Published March 17, 2020

The poetry that we planned to feature in this year’s Festival comes in all shapes and sizes, with subjects ranging from politics and social justice, to classical myth and history, to love and loss, the environment, and more. Keep reading for some suggestions of poetry books to enjoy and take inspiration from…

  • Deaf Republic by Ilya Kaminsky 
    “Re-envisioning disability as power and silence as singing, Kaminsky has created a searing allegory precisely tuned to our times, a stark appeal to our collective conscience.”NPR.org

  • Dispatch by Cameron Awkward-Rich 
    “Weighed down by the ‘brutal choreography’ of violence against black, queer, and trans bodies, the poet reestablishes buoyancy through will and formidable artistry… in these poems of bracing clarity, national violence is unflinchingly and meaningfully confronted.”—Publishers Weekly

  • Doomstead Days by Brian Teare
    “The poems feel solitary but intimate: Teare’s voices let us weigh the insoluble questions of how to live as an ethical being in the face of violence and environmental collapse.” ―Tess Taylor, The New York Times

  • Grand Marronage by Iréne Mathieu
    “In Irène Mathieu’s Grand Marronage her poems dig beneath the surface of gender, culture, and memory to create a complex multi-layered collection driven by a nuanced cultural lens that is rarely found in contemporary poetry. With poems both visceral and ethereal Grand Marronage attempts its own kind of freedom by highlighting the black body in a localized history and space of intimacy. These are poems that never forget the contexts of human experience and pull us deeper into our understanding of who we are today and how we came to be.”—Matthew Shenoda

  • Holy Moly Carry Me by Erika Meitner
    “Meitner has created a keen social record of, and commentary on, our persistent human atrocities, but she also admirably transcends the dire in a search for salvation.”―Booklist

  • Honeyfish by Lauren K. Alleyne
    Honeyfish is a remarkable, timely and timeless collection. Awake and unflinching, it bears witness to our difficult current moment—Tamir Rice, Charlottesville, the Charleston church shooting—and yet, in the face of horror and injustice, the poems celebrate the resilience and persistence of beauty and love, the languages we have lost, the grief unburied, the dream remembered. Lauren K. Alleyne comes into her own here as a voice we must reckon with, and her lyrical powers attest to a necessity we find only in our most valued poets.”—David Mura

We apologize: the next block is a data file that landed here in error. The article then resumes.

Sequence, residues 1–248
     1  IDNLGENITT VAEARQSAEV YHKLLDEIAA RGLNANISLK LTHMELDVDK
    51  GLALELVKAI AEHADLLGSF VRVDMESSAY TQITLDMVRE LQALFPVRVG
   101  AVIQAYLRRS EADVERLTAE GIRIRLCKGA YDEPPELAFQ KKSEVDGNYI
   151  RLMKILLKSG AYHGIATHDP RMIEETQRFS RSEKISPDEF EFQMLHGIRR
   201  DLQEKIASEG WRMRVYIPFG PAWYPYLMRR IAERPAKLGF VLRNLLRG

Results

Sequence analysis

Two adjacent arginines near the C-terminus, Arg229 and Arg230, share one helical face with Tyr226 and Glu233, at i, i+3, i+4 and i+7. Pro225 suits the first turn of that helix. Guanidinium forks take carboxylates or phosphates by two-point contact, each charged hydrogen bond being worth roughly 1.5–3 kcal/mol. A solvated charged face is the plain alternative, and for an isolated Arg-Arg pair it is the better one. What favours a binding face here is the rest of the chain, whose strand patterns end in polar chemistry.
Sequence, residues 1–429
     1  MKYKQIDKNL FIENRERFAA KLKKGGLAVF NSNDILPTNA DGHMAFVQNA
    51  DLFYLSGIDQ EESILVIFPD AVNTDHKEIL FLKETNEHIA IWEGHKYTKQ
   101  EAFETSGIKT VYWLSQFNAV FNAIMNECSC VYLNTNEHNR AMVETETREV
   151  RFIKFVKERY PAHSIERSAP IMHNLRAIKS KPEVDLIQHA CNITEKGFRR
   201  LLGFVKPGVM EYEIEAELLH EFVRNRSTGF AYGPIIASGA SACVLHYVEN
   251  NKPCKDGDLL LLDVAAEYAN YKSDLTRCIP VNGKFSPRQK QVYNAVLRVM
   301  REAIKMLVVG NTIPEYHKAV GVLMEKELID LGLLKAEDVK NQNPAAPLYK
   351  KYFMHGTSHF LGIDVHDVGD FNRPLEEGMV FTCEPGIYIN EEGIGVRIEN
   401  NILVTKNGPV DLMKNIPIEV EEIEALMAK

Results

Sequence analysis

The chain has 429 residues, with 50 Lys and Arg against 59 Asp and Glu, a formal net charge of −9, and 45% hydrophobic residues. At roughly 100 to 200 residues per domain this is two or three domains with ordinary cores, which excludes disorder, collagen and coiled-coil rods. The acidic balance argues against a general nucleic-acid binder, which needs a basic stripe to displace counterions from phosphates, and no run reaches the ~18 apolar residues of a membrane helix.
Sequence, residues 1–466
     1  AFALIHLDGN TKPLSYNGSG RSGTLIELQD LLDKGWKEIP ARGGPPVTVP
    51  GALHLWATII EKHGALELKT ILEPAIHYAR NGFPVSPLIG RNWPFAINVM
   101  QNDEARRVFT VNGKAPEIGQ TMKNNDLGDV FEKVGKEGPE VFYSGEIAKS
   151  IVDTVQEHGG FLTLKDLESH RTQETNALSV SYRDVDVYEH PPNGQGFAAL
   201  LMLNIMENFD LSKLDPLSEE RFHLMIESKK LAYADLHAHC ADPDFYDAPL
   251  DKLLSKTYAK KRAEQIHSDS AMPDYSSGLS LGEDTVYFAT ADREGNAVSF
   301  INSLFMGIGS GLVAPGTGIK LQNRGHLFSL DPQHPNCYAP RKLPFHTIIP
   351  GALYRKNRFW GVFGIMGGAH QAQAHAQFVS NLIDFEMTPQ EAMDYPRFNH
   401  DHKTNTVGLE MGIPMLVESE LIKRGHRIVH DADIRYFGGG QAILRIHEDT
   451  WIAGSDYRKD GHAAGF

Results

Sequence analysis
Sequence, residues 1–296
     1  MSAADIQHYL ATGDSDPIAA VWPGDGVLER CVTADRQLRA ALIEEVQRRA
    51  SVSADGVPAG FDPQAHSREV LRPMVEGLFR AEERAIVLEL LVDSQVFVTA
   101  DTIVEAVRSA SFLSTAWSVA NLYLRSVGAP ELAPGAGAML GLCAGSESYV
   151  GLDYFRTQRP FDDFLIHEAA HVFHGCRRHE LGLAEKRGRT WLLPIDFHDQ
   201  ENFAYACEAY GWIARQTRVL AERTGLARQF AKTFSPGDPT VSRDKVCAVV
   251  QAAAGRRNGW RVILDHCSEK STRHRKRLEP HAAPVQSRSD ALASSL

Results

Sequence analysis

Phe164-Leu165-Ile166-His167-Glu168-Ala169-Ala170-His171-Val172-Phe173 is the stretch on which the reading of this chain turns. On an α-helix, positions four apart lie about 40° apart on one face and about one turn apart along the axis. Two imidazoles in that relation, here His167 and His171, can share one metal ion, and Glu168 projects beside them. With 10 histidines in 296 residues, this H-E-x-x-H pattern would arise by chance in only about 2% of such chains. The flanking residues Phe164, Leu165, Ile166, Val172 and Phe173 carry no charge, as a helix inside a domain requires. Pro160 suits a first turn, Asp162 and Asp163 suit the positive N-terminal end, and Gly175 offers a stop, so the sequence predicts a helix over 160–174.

• Magical Negro by Morgan Parker
    “Morgan Parker continues to fearlessly explore what it means to be a black woman in the United States today. . . . Bold and edgy, the writing spotlights the strength and tenacity that enable the speaker to survive grief and inequity. It also gives voice to her disappointments and delights as she claims―and proclaims―agency over her body and her life.” —The Washington Post

  • Neck of the Woods by Amy Woolard
    “Amy Woolard’s Neck of the Woods is a book that abides between dark humor—’Tornados need to slow their roll & keep their cones tight’—and the kind of disasters rendered so casually that they seem all the more terrifying—‘tremored like seeing a landscape while your elbows/Are hooked onto somebody from the back.’ In all, this is a book about survival, but this speaker is honest enough to say she’s hasn’t been made whole: ‘A demolition after my own heart.’  What a lovely debut!”—Jericho Brown

  • Soft Science by Franny Choi
    “[Soft Science is] An exhilarating matrix of poetry, science, and technology.”—Publishers Weekly

  • The More Extravagant Feast by Leah Naomi Green
    “[The More Extravagant Feast] keeps faithful company with the world and earns its name. The darkness and suffering of living on earth are assumed . . . and yet, it is ultimately informed by the deep logic of compassion (is there a deeper human logic?).”―Li-Young Lee, judge’s statement for the Walt Whitman Award

  • White Blood: A Lyric of Virginia by Kiki Petrosino
    “Kiki Petrosino has been perfecting a form of weaponized valentine, a love poem armed with play and appraisal, ever since her amazing debut. Her poems charm and fillet. In White Blood: A Lyric of Virginia home is filled with history and possibility, ‘that twoness one ever feels’ in place and body. Both singular lyric poem and mercurial sequence featuring epistles, erasures, and sonnets, this book is wonderfully irreducible. It’s further evidence of Kiki Petrosino’s limitless, inimitable talent.”―Terrance Hayes, author of American Sonnets for My Past and Future Assassin and Lighthead

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